A League of Their Own
Lesbians, lesbians, lesbians, and also baseball. That’s everything I wanted from this Abbi Jacobson and Will Graham adaptation of A League of Their Own, and damn do they deliver. The pilot of the Amazon series opens with a familiar scene from the 1992 movie: Chicago’s Wrigley Field in 1943, women gathering from all across the country to try out for the All-American Girls Professional Baseball League.
But that’s about where the similarities end. Instead of Geena Davis’s quiet Dottie reluctantly joining the league for her sister, we see Jacobson’s Carson Shaw escaping her unfulfilling life as a housewife. Instead of Madonna’s hypersexual Mae and Rosie O’Donnell’s wisecracking Doris, we get Greta (D’Arcy Carden) and Jo (Melanie Field), sarcastic, sexy best friends who keep each other safe in a world that criminalizes queerness. Instead of a single shot of an unnamed Black woman throwing a baseball farther than expected, we get Max (Chanté Adams), who shows up and out at the Wrigley Field tryout only to be rejected and go on her own incredible journey to become a professional baseball player. All the Peaches are complex women struggling to achieve their own versions of success and freedom. While the show doesn’t necessarily have anything new to say about the big issues it tackles — sexism, racism, anti-gay behavior, and intersections thereof — the joy found in watching the Peaches begin to truly express themselves is undeniable. The cherry on top? The season finale is a pitch-perfect sports epic, on par with the “Mud Bowl” episode of Friday Night Lights or the Season 1 finale of Ted Lasso. ALOTO does right by its characters and all the fans of the original who wondered why Geena Davis and Madonna never kissed. —Krutika Mallikarjuna
Where to watch: Prime Video
A show from creator Darren Star has certain signatures: a brightly lit big city, unrepentant gentrifiers with high-powered jobs, bad puns, and hot guys. This is the first time Star (Sex and the City, Emily in Paris, Younger) has used this formula among his own demographic: professionally successful gay men.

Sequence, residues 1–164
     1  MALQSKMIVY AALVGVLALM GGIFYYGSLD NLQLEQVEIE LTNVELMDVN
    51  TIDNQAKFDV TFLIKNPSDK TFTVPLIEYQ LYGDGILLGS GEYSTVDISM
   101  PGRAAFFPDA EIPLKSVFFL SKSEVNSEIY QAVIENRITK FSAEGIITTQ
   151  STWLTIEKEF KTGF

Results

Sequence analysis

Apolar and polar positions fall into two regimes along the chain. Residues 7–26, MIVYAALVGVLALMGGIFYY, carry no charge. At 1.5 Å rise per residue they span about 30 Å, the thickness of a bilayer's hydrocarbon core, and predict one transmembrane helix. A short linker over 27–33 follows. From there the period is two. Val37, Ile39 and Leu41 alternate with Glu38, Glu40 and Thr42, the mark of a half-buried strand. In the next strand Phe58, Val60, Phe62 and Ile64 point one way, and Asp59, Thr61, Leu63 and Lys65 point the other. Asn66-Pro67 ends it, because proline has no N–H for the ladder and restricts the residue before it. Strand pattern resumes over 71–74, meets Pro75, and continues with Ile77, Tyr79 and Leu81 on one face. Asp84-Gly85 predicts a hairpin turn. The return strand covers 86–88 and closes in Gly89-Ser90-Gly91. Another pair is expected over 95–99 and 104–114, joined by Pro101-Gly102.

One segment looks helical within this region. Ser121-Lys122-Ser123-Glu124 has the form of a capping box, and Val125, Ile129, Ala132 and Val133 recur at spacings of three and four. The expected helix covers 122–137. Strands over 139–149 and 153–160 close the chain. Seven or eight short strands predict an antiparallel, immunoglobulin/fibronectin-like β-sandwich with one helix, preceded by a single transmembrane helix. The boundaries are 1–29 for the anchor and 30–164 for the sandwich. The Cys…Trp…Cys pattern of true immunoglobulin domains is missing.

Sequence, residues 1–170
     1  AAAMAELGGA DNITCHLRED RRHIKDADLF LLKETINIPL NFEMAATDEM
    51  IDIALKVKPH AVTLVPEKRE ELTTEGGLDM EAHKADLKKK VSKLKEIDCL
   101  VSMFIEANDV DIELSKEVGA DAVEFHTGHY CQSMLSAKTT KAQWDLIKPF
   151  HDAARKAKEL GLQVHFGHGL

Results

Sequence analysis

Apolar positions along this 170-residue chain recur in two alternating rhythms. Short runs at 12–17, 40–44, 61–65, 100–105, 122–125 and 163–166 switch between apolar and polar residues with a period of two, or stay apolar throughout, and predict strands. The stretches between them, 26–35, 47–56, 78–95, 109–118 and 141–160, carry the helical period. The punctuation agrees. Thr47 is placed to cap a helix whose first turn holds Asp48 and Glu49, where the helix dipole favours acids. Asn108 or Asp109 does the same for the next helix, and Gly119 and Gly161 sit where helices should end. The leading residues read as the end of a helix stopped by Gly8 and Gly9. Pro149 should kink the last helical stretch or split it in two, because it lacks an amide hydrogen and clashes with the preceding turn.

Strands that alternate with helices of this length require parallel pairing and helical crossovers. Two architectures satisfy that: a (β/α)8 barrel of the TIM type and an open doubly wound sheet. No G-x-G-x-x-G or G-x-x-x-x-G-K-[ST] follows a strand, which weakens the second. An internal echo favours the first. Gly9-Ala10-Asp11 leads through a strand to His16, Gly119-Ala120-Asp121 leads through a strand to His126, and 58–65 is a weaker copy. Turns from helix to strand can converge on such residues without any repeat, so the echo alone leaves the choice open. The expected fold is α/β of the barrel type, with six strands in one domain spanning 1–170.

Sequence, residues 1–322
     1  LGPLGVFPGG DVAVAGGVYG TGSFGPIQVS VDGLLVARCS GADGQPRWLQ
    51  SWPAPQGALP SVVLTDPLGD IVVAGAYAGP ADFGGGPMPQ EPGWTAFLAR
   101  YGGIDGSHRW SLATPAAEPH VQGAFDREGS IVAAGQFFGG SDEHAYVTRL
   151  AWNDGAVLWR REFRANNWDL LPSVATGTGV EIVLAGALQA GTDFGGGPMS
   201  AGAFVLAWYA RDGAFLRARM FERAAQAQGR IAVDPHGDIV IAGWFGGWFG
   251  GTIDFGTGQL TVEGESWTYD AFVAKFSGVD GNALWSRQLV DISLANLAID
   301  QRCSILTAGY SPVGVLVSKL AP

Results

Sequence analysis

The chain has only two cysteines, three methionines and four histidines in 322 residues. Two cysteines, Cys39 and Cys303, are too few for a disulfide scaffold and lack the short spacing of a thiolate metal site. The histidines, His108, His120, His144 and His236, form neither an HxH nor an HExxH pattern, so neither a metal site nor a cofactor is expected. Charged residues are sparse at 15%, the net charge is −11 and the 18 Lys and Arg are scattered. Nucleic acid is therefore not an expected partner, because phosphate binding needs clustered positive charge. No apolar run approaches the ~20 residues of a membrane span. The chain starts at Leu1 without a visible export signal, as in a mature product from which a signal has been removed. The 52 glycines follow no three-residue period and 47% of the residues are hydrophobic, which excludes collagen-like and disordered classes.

Neil Patrick Harris plays Michael, a luxury realtor who gets unceremoniously dumped at his boyfriend Colin’s (Tuc Watkins) surprise 50th birthday party. The eight-episode first season tracks Michael’s grieving process as he cycles through anger, horniness, and sadness. At his side are his friends: Suzanne (the always delightful Tisha Campbell), a fellow realtor and single mom who’s trying very hard not be single, Billy (Emerson Brooks), a vain meteorologist with a penchant for younger men, and Stanley (Brooks Ashmanskas), a snobby art critic who likes to take himself out on dates. Marcia Gay Harden rounds out the cast as Claire, a rich divorcé who’s trying to find a new place to live after her husband leaves her for a millennial.
I cannot say that this is a great show, but Star hasn’t made one of those since Sex and the City (as usual, we shall ignore the movies and And Just Like That). Though it’s not unlike Sex and the City in certain ways — one character literally falls through an open cellar door much like Samantha famously did to avoid holding Smith’s hand. And Michael dates his fair share of hot men with problems, from a dermatologist whose penis is just too big to a millennial who thinks wearing condoms is for boomers.
The real estate is gorgeous and the outfits are nice. I enjoyed watching the show while I was sick this past weekend, and you just might, too. —Tomi Obaro
Where to watch: Netflix
If the multiverse were fair, Paper Girls, Amazon’s adaptation of the hit indie comic series written by Brian K. Vaughan, would be showered with the same adulation and attention given to Stranger Things. On the surface, both shows are nostalgic sci-fi romps starring children facing off against insurmountable and sinister odds. But where Stranger Things is mostly driven by fun and referential spectacle, Paper Girls is driven by the emotional growth of its four young leads.